- Standard Number:
OSHA requirements are set by statute, standards and regulations. Our interpretation letters explain these requirements and how they apply to particular circumstances, but they cannot create additional employer obligations. This letter constitutes OSHA's interpretation of the requirements discussed. Note that our enforcement guidance may be affected by changes to OSHA rules. Also, from time to time we update our guidance in response to new information. To keep apprised of such developments, you can consult OSHA's website at http://www.osha.gov.
October 2, 2000
Ms. Jacqueline Nowell, Assistant Director
Occupational Safety and Health Office
United Food & Commercial Workers International Union
1775 K Street, NW
Washington, DC 20006-1598
Dear Ms. Nowell:
This is in response to your letter of August 2, 1999, regarding hearing protectors and who is responsible for paying for them. We apologize for the delay in this response.
The Occupational Noise Exposure Standard (1910.95) requires the employer to provide hearing protectors to all general industry employees exposed to an 8-hour TWA of 85 decibels at no cost to the employees. This requirement is explicit in the noise standard. The issues being addressed in the proposed revision of 1910.132 for personal protection equipment would not affect or in any way change provisions in existing OSHA standards that address who is to pay for particular PPE (e.g., respirators in health standards).
Not only must employers provide hearing protection to their employees at no cost to the employee, they must provide employees with the opportunity to select their hearing protectors from a variety of suitable devices. At the very minimum, a choice of at least one type of ear plug and one type of earmuffs must be provided (preferably more), since individuals may be more comfortable in one type than another. The employer must ensure proper initial fitting and supervise the correct use of all hearing protectors.
Hearing protectors must be replaced as necessary, and their replacement must also be paid by the employer. All types of personal protective equipment have a limited life span. The foam seal that surrounds the ear on earmuffs, the flanges on rubber earplugs, and body of foam earplugs, all lose their elasticity. As hearing protectors wear out, their attenuation properties are diminished; the head band on earmuffs also can relax so that the muff no longer provides a snug fit.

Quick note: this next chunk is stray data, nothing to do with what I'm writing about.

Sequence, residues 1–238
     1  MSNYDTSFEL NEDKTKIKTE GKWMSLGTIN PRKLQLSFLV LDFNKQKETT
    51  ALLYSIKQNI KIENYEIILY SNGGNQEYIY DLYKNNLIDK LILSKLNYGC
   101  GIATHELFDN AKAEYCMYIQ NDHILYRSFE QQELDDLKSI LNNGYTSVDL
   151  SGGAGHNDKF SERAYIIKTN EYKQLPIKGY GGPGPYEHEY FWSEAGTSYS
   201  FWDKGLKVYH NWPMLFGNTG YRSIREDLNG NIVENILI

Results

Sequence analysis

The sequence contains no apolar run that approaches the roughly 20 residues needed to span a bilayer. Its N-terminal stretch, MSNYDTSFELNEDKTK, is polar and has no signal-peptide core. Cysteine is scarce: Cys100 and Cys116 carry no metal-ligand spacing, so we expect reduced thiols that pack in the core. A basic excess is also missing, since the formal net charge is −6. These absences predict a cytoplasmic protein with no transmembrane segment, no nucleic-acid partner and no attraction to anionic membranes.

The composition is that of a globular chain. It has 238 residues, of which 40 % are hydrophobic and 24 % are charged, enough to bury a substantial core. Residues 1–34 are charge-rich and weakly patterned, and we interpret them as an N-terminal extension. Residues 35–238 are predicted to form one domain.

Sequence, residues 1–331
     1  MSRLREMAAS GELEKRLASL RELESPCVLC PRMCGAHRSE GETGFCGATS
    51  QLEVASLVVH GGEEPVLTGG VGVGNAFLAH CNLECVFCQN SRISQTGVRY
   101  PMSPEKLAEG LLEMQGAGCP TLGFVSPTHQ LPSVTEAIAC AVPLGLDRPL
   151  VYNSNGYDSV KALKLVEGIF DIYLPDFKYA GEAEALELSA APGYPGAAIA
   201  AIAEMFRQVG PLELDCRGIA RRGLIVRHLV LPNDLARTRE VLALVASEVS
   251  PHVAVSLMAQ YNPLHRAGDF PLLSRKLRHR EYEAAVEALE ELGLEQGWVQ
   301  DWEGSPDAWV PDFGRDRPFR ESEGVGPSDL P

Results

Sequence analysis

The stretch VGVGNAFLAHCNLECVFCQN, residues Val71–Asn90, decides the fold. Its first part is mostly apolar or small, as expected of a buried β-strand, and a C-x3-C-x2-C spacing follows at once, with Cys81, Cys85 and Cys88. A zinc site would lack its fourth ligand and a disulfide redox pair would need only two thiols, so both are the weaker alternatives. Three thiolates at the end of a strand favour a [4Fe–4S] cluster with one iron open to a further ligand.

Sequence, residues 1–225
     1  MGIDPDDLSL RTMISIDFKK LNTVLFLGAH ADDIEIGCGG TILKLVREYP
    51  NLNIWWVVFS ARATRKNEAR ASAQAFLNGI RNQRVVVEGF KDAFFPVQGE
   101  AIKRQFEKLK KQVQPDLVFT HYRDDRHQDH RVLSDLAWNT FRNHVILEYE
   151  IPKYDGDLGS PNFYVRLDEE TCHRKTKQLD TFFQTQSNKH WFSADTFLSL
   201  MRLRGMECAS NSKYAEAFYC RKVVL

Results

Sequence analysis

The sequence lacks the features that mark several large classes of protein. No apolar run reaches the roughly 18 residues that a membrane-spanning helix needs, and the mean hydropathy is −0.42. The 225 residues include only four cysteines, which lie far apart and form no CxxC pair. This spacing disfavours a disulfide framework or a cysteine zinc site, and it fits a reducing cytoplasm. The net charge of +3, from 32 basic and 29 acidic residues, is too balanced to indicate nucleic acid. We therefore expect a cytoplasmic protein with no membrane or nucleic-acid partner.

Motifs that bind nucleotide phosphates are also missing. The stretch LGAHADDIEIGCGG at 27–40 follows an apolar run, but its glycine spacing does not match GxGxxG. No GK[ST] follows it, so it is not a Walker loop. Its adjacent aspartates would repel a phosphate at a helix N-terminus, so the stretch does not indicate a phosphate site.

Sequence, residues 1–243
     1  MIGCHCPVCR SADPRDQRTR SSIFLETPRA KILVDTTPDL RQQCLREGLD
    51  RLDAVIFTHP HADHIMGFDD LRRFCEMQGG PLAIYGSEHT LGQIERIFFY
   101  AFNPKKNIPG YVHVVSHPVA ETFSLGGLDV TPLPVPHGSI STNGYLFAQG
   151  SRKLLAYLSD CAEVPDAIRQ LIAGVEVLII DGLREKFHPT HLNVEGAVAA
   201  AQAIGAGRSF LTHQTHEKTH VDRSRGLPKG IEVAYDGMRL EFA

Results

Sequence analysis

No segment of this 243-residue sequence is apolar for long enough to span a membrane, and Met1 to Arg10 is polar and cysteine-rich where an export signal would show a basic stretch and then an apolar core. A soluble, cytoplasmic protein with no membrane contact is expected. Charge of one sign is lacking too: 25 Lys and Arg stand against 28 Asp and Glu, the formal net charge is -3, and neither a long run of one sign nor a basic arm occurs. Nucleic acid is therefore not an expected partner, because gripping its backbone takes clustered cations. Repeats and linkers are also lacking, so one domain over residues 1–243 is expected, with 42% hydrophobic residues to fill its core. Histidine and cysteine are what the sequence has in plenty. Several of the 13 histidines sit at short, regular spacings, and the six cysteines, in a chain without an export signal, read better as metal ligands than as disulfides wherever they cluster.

Although some foam plugs can be washed several times in mild soap and water, they should usually be changed every day or two, especially in dusty or oily environments. They should not be removed with dirty hands, if they are expected to be reused. Reinsertion of dirty plugs can cause ear infections. Plugs that cannot be cleaned must be replaced. The replacement requirement primarily relates to normal wear and tear, but it would also include situations where the nature of the workplace or the nature of an employee's duties makes some accidental loss of hearing protectors reasonably predictable.
However, as OSHA noted at the time of the promulgation of this standard, it would not condone either the reckless or deliberate damaging or loss of hearing protectors by an employee. OSHA also does not believe that employers should have to pay for an unlimited supply of protectors or replace protectors that are repeatedly lost due to employee negligence. However, as previously noted, a certain degree of loss through misplacement, particularly of ear plugs, should be expected.
Unfortunately, we do not have an accurate record of how often employers have been cited for charging their employees for initial or replacement hearing protectors. While the applicable paragraph, 1910.95(i)(1), that would normally be cited for this violation has been cited 407 times since 1983, this paragraph could also have been cited for failure to replace hearing protection. We have attached a memo that we are sending to the field to alert them of these issues.
Your final request was for OSHA to begin research, in cooperation with NIOSH, on the extent of hearing loss in SIC 20. OSHA unfortunately does not accumulate data on the extent of hearing loss. This type of research is best handled by NIOSH, and you should contact them directly.
I hope this answers your specific questions about hearing protection. We hope you find this information helpful. Please be aware that OSHA's enforcement guidance is subject to periodic review and clarification, amplification, or correction. Such guidance could also be affected by subsequent rulemaking. If you have any further questions, please feel free to contact our [Office of Health Enforcement] at (202) 693-2190.
Richard E. Fairfax, Director
[Directorate of Enforcement Programs]